20th century art has had a huge impact on me. There is a painting in my show, Strengths and Weaknesses, where I’m borrowing from movements like cubism and pop art. In that painting, I’ve mashed up the styles and forms of Kippenburger, Guston, and Picasso to build the figure. Implementing the styles and formal attributes of artists like these has been my way to synthesize my own aesthetic. I don’t try to hide the fact that I’m taking from other artists. While those references occupy the foreground, they’re there to obscure the more personal narratives in my work.
When did you develop your appreciation for these 20th century artists?
Until my junior year in college I was more interested by realism, focusing on artists such as John Singer Sergeant and Thomas Eakins. When I saw Farefield Porter things changed. I was awed by Porter’s flattened sense of space and color. My painting changed significantly senior year. I started painstakingly painting product logos that were part of my everyday use (Elmer’s glue, Mountain dew, Pabst Blue Ribbon, etc). The rawness of Lichtenstein and Warhol was a revelation to me because of their reverence for the flatness of form. The year I spent preparing for graduate school, I was fortunate to see two memorable shows in Boston. There was a fantastic abstract expressionist show at the Rose Art Museum, which fueled my growing interest in Guston and de Kooning. What really blew me away was Frank Stella’s early black and striped paintings at Harvard’s Fogg Art Museum. Heading into graduate school these two exhibitions exposed me to a new sense of scale and ambition.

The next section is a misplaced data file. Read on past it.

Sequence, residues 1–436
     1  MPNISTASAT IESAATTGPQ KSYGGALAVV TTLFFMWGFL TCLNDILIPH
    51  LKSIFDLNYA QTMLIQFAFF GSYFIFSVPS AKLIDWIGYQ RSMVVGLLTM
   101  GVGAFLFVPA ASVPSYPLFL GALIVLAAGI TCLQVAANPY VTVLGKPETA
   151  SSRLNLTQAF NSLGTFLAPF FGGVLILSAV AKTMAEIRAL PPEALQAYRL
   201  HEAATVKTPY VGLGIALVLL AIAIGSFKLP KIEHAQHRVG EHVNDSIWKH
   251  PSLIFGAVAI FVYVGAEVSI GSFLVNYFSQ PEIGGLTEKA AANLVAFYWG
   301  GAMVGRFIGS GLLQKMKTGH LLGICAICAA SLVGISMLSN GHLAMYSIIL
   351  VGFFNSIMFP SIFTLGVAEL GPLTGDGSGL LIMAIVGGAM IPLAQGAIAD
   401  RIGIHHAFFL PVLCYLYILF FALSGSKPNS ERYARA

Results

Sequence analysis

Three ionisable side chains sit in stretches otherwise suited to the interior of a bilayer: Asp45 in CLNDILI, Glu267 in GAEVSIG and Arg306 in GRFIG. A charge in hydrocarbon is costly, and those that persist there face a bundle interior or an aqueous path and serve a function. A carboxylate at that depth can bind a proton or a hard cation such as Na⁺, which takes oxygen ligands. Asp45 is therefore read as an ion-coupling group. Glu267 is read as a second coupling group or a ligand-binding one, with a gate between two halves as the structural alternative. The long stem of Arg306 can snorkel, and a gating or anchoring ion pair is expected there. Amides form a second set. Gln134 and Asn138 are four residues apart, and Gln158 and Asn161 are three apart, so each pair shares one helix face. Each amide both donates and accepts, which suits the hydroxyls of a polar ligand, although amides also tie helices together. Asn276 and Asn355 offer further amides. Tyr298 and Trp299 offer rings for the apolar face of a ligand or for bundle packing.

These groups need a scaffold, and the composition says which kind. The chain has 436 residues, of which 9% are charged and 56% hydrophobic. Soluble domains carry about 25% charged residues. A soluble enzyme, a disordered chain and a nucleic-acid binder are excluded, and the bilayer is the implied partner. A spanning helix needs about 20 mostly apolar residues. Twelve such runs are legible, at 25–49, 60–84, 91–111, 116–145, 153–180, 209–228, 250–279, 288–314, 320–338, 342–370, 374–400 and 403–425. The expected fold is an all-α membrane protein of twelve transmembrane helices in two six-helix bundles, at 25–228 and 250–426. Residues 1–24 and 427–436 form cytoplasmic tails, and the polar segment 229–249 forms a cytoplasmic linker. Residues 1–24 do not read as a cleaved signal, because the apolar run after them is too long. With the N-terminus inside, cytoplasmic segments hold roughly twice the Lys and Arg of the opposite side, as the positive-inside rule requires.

Light is an element you evidently like playing with. Are you using any image or references to create the desired setting?
As far as light goes with this recent work, I was remembering my grandparent’s basement. It was a place of mystery and fascination: musty old books and boxes stacked up, old maps and posters from past vacations. Burned into my memory is how the light passed through these small windows that ran along the top of the walls right above ground level. The light they would throw dramatically cut through the dust particles in the air and would fall onto old abandoned things. Certain art historical uses of dramatic light have recently influenced me too, Rembrandt’s raking light, Guston’s graphic light bulb, Josef Albers transparent color experiments. While I think about these sources, I will routinely make a smaller color sketch in pencil or crayon. I’ll then base my large-scale paintings on these small studies.